Boyar says family is what is most important to him.

“My wife, Vancy, is the one person who has changed my life,” he says. “Vancy has kept me focused on separating work and home as much as possible.”

She is supportive and has allowed him to grow in his position at Cooley, he says.

In his spare time Boyar enjoys hiking and snowshoeing, camping, sports and collecting and drinking wine. He also is involved in various community organizations, including serving on the board of directors of Jewish Senior Life.

His Jewish heritage is an important part of his life, Boyar says, in particular because his mother is a Holocaust survivor who lost her family in the concentration camps during World War II. She learned how to struggle and survive while remaining an optimist, he says.

“She has taught me to find solutions to problems and how to appreciate whatever you may have in life,” Boyar says.

Boyar’s father was a social worker who touched many lives, he says.

“He was a tremendous listener, compassionate, and understood what made people tick,” Boyar explains. “He taught me to hear what the person in front of you is saying and never overreact or judge.”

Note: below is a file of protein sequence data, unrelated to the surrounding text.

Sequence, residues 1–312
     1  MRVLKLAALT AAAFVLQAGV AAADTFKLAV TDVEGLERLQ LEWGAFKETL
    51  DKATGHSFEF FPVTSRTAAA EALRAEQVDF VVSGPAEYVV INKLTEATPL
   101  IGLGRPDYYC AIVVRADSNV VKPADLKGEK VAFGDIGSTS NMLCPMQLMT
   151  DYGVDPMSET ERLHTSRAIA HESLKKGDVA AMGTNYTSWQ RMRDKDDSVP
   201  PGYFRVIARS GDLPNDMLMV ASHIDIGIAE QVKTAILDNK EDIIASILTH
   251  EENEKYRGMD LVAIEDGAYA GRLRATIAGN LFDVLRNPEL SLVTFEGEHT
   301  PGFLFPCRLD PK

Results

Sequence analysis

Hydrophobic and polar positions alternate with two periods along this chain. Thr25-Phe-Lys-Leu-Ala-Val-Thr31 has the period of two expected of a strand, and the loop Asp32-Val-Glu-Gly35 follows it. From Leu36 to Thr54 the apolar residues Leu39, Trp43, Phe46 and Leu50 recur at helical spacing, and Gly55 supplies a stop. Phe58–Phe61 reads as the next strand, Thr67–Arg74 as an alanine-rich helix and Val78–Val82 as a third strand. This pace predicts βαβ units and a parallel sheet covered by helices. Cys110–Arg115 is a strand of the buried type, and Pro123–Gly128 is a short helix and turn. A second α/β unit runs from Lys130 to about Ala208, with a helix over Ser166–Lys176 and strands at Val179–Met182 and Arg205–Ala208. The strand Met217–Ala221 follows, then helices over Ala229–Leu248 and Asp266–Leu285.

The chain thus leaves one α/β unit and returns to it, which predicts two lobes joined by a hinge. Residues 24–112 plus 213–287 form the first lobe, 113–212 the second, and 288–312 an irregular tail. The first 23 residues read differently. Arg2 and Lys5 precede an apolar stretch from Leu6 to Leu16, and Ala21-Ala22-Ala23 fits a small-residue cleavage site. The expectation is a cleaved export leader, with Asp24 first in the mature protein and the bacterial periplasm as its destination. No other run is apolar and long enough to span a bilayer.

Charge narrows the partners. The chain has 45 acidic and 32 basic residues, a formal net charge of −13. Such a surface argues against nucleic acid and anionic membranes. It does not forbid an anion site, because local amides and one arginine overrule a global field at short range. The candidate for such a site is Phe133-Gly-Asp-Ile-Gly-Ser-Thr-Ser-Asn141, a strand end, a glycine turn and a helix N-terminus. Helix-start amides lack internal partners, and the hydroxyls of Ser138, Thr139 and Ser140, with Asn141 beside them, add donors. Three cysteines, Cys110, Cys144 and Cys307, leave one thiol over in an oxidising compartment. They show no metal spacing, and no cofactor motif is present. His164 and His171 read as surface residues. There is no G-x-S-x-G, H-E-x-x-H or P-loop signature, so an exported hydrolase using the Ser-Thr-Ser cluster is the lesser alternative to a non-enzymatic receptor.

Longtime friend Jeff Ureles describes Boyar in much the same way Boyar describes his father.

“He’s one of the most engaged people I know,” Ureles says. “When Stuart is listening to something, he’s fully listening to what you have to say. When he’s looking to share information with you, he’s clear and he’s a terrific communicator.”

Boyar is a curious person, Ureles says, and is not afraid to get involved in things on any level.

“He’s a tremendously fair person. He’s not judgmental,” Ureles says. “That listening capability is really key to (his) fairness. That, for me, is one of the things I admire most about him.”

Boyar does not believe in regrets.

“Life is full of unique experiences, and everything happens for a purpose,” he says. “We can’t look back; we need to only look forward.”

Stuart Boyar
Position: Chairman and CEO, Cooley Group Inc.
Age: 59
Residence: Pittsford
Education: B.S., marketing and advertising, 1976, Kent State University, Kent, Ohio
Family: Wife, Vancy; sons Jeffrey, 25, and Philip, 23
Passions: Family, traveling, hiking, sports, wine, community activities
Quote: “Life is full of unique experiences, and everything happens for a purpose. We can’t look back; we need to only look forward.”

1/24/14 (c) 2014 Rochester Business Journal. To obtain permission to reprint this article, call 585-546-8303 or email service@rbj.net.